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      1. You are very welcome! Thank you for the information – Les Higgins are ‘true’ 20mm (sole of foot to crown of head), so 24mm is probably too big. However I may buy an odd pack just to compare anyway

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  3. Not being a wargamer, I’m probably not the best person to ask! 🙂 Perhaps a set would be nice to look at, even if they don’t fit well with your armies?

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    1. Thanks mate. I was really pleased with the standard bearer. He didn’t look anything special until I put the finishes touches on him. Again, sorry for the slow response rate…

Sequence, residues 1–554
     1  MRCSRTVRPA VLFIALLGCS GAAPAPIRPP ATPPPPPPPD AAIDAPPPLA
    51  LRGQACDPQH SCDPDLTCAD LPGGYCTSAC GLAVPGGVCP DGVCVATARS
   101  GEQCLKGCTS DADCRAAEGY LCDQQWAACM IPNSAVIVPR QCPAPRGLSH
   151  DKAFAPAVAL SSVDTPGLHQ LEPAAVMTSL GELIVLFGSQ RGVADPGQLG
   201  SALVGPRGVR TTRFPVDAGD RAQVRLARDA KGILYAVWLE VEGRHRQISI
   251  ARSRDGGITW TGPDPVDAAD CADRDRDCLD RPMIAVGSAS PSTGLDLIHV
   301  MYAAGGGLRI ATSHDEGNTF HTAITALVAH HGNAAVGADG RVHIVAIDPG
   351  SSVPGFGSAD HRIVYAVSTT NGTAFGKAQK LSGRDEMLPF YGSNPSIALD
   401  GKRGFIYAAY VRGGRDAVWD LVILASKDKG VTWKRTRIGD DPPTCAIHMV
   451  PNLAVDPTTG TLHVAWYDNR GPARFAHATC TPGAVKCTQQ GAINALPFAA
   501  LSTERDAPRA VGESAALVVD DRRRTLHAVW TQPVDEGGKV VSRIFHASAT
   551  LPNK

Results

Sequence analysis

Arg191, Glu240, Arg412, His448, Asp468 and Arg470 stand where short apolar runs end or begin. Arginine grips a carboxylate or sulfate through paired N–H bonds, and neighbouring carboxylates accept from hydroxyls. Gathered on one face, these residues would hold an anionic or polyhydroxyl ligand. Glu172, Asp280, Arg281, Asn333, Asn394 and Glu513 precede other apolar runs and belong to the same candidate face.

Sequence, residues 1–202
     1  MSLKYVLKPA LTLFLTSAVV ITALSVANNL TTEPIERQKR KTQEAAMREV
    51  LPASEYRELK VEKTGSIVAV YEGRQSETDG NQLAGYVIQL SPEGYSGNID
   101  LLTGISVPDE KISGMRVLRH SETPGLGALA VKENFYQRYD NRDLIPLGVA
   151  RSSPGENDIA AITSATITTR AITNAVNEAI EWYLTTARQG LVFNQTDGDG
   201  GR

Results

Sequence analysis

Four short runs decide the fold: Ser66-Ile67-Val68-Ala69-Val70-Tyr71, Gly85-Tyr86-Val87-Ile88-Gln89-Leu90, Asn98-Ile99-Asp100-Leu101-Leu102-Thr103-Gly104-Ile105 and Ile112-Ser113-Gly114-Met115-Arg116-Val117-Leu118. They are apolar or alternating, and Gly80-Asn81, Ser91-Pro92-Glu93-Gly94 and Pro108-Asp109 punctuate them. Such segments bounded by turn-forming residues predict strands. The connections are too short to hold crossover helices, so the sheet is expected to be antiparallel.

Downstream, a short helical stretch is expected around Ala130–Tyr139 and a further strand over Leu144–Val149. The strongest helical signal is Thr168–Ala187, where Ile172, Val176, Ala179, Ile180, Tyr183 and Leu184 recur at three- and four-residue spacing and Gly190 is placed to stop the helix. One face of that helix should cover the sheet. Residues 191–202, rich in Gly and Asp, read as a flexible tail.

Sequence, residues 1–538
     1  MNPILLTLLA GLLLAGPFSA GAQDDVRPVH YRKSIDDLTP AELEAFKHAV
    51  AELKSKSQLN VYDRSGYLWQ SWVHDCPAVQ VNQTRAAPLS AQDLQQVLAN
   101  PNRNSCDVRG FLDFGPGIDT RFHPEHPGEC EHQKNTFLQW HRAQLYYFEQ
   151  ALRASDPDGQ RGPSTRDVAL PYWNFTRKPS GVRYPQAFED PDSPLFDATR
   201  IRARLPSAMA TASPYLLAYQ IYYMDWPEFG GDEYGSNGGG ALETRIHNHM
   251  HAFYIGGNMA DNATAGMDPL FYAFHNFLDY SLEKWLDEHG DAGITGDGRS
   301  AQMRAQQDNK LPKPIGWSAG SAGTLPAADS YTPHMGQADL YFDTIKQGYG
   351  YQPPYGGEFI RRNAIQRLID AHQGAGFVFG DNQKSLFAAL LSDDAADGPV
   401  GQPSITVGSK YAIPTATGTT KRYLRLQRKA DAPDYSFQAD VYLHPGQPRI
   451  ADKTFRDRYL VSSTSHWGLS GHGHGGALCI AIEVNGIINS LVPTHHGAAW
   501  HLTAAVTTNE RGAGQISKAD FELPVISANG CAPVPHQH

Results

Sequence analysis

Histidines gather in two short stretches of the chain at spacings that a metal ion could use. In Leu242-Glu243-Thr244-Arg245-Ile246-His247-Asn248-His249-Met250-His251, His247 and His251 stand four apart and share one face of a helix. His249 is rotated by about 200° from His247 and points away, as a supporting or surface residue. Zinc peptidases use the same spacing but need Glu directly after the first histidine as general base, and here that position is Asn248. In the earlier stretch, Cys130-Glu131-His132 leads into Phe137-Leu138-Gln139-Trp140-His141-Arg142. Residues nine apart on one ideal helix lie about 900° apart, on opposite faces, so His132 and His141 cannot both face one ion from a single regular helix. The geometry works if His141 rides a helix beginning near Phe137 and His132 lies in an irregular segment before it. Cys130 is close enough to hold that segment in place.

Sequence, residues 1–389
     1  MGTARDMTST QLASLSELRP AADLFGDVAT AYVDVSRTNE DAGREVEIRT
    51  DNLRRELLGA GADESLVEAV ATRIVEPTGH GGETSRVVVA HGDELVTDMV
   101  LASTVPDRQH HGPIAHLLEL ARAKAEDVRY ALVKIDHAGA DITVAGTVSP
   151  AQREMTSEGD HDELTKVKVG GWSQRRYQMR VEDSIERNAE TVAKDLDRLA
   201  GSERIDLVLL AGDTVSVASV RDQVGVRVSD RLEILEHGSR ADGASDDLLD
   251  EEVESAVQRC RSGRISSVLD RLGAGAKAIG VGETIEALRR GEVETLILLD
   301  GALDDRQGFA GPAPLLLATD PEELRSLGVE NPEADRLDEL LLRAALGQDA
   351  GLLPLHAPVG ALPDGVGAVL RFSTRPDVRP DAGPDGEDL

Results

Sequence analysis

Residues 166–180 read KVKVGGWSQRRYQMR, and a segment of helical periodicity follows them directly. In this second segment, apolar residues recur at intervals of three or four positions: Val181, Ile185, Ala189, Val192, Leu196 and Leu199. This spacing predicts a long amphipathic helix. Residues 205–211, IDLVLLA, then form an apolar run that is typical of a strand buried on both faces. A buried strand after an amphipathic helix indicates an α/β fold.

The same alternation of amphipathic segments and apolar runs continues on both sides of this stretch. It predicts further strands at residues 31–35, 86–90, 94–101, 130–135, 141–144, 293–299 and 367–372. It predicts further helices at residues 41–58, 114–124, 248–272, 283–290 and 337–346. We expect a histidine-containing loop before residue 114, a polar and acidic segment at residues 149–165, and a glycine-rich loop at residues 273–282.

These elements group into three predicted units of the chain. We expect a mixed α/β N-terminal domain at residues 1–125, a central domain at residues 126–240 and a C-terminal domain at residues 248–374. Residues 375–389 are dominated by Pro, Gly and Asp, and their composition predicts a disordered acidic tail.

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  4. Hey mate ,these are so good that you have just given me an idea! as we have said before you and i are in total agreement on our favorite mob that make bloody good figures. There great variations over time I feel only added to the excitement of never knowing what you were going to get next ! Ha Ha! Again beautifully painted!
    Thanks to you changing my attitude to horse painting I’m just getting into a goal of painting near on one hundred horses, I’m painting them first for a change, normally I do it the other way around !

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    1. 100 horses is a serious amount! A dozen is plenty in one go. Good luck with that. I tend to paint the horses first nowadays, as you know, I think it helps with the motivation knowing you’ve got the riders still to do. I’ll be looking forward to seeing the giant herd when it’s ready. 🙂

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      1. Thanks mate 🤓you must have sent that message to me your mental skills as I decided to do exactly that 😳with that motivation in mind , wow uncanny eh! I have already managed to do fifty thanks to the extra time gained through retirement 😉.